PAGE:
Immigration and political distrust in Europe : a comparative longitudinal study
European societies, 2020, Vol. 22, No. 2, pp. 211-230
JEANNET, Anne-Marie, Immigration and political distrust in Europe : a comparative longitudinal study, European societies, 2020, Vol. 22, No. 2, pp. 211-230 - https://hdl.handle.net/1814/66058
Retrieved from Cadmus, EUI Research Repository
European countries have witnessed a steady rise of political distrust over the past decades, which coincides with the rise of mass immigration. Building on existing research regarding anti-immigration attitudes and political trust, this study presents two possible theoretical mechanisms through which actual immigration trends could generate political distrust in host societies: either through cultural change or through negative evaluations of institutional performance. To empirically test these, I employ a multi-level comparative longitudinal research design using micro-attitudinal data from the European Social Survey for 17 European countries (2002-16). The results do not find support for the cultural hypothesis, as there is no evidence of an overall relationship between growth in foreign populations and citizen distrust in political institutions. However, there is support for the institutional performance hypothesis, whereby growth in foreign populations is associated with higher political distrust amongst individuals who have anti-immigration attitudes. The implication of these findings is that mass immigration is not the central cause of the decline of political trust Europe, however, it may have been a factor in the growing distrust amongst a relatively small sub-group of citizens.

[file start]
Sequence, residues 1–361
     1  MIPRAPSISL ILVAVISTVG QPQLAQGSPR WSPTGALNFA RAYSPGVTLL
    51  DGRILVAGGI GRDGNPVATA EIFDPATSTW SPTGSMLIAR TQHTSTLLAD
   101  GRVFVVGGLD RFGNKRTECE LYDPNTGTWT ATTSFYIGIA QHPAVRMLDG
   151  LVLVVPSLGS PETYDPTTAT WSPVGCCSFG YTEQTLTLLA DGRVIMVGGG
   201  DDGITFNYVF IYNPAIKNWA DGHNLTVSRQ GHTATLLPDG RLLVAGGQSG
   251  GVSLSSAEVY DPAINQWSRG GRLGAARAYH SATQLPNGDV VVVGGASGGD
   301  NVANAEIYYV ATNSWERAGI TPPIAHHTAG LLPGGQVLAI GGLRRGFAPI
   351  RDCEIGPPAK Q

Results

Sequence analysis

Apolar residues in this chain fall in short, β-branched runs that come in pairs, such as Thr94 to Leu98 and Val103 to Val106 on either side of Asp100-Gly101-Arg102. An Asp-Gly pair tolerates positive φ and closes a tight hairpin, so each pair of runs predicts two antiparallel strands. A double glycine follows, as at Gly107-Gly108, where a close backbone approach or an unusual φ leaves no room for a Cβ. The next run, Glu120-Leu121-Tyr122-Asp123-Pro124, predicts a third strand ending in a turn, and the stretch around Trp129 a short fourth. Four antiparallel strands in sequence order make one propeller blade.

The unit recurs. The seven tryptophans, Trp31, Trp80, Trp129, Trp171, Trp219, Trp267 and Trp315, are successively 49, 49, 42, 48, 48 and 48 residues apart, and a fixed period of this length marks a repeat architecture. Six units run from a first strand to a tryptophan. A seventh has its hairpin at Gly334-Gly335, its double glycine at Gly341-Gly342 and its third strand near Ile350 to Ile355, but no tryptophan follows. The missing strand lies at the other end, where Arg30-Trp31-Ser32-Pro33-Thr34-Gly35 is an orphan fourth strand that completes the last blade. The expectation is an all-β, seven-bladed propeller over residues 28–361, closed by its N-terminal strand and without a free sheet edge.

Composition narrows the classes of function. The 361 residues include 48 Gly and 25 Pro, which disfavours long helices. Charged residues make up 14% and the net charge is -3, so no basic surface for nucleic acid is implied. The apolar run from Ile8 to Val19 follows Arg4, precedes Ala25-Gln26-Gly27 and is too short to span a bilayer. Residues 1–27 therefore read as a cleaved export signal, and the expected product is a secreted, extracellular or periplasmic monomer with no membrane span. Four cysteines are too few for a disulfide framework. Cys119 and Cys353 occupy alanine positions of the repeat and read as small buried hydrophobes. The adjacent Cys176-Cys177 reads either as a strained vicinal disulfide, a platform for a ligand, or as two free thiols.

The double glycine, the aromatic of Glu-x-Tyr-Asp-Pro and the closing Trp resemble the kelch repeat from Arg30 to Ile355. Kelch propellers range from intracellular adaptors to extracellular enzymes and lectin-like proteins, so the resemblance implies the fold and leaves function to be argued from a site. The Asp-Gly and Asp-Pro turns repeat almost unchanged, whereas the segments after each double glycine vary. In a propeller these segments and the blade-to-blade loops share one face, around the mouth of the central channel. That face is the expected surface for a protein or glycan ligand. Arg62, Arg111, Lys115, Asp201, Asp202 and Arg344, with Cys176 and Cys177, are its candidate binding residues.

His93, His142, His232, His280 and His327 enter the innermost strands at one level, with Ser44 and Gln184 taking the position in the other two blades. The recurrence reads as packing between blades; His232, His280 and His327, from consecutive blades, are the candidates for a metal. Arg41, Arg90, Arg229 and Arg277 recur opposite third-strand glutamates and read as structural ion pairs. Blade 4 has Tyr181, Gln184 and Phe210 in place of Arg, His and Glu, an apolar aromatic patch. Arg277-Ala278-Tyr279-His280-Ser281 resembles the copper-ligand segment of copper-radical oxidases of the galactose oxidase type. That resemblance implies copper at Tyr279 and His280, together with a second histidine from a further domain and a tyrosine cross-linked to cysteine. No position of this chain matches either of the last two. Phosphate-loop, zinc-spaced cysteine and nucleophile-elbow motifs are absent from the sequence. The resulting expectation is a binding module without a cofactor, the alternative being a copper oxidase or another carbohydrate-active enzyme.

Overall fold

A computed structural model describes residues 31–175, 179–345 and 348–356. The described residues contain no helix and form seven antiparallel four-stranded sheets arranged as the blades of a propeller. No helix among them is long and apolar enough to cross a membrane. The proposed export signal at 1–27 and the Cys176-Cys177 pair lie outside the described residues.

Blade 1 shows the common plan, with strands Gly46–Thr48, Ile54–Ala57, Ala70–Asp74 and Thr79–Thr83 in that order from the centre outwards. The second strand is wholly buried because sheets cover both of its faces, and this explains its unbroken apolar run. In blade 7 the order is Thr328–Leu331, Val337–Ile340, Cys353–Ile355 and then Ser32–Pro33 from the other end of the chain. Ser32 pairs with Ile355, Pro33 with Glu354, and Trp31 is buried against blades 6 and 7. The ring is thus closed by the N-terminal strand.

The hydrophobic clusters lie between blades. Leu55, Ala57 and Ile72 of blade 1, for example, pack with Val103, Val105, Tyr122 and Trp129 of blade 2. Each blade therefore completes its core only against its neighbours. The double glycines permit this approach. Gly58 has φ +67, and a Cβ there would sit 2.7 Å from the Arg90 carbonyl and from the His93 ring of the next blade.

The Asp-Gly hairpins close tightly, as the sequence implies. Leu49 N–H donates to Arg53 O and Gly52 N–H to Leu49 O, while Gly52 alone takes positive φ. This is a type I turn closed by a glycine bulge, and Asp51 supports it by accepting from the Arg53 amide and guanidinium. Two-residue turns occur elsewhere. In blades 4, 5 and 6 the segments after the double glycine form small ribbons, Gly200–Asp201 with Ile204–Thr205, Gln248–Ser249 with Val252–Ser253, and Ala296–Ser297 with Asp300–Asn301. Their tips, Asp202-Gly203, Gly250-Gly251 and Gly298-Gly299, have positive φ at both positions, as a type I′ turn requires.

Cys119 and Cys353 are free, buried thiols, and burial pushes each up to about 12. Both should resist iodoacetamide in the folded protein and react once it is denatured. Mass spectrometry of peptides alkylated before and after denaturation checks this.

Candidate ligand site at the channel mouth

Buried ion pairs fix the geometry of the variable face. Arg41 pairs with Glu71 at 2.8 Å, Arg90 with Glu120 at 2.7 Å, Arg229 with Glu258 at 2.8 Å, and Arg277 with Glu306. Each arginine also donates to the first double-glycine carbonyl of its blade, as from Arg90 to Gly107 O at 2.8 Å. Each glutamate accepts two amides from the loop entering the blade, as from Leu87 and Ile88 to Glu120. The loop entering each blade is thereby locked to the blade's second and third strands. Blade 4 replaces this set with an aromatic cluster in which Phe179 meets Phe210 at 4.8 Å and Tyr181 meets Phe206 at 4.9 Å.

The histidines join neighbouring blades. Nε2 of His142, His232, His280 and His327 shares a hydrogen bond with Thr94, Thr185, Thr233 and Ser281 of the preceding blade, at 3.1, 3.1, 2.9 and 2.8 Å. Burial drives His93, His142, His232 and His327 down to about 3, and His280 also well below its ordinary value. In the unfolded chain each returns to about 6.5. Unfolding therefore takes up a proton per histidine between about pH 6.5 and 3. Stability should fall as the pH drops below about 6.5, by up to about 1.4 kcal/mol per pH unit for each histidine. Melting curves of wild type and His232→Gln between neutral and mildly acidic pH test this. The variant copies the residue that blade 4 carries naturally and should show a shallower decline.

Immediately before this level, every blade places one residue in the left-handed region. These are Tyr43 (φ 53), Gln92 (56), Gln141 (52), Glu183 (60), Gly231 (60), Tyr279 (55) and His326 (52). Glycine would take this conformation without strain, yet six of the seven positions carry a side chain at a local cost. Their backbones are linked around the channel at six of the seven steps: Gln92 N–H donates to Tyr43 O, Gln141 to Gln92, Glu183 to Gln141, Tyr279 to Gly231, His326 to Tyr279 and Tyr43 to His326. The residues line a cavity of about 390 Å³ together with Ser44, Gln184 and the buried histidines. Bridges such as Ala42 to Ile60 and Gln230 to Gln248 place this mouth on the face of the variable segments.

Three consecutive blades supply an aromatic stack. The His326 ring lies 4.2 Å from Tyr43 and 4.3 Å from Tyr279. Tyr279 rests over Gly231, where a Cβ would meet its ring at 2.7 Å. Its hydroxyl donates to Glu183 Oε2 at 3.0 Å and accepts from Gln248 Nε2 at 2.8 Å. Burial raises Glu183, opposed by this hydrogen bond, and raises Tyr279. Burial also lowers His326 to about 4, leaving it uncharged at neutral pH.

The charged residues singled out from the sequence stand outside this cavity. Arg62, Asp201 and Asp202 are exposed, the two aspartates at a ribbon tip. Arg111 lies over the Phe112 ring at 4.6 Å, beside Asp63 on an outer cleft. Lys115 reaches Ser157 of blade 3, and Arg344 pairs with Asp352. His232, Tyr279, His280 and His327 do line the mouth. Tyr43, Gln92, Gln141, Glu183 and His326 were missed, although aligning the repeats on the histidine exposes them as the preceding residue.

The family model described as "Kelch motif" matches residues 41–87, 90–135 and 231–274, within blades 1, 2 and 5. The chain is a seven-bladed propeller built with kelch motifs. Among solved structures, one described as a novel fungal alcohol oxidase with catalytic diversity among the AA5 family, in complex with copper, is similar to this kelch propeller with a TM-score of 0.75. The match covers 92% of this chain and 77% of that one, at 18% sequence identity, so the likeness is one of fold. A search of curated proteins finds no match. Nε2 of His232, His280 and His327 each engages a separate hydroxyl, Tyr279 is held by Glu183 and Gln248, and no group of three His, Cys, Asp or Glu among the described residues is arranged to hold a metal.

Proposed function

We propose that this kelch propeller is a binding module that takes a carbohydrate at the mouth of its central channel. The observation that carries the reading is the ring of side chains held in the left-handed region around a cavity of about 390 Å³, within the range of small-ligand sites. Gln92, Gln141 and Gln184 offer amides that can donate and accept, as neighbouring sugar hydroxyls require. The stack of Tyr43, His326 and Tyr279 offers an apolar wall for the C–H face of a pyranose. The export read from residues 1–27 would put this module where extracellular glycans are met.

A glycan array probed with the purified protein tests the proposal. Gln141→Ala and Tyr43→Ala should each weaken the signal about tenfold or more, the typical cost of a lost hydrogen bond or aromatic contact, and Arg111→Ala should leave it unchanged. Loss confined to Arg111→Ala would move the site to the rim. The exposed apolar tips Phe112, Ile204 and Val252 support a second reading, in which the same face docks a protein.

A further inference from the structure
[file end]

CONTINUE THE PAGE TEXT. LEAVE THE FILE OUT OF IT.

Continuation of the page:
First published online: 01 December 2019
Cadmus permanent link: https://hdl.handle.net/1814/66058
Full-text via DOI: 10.1080/14616696.2019.1694162
ISSN: 1461-6696; 1469-8307
Publisher: Routledge Journals, Taylor & Francis Ltd
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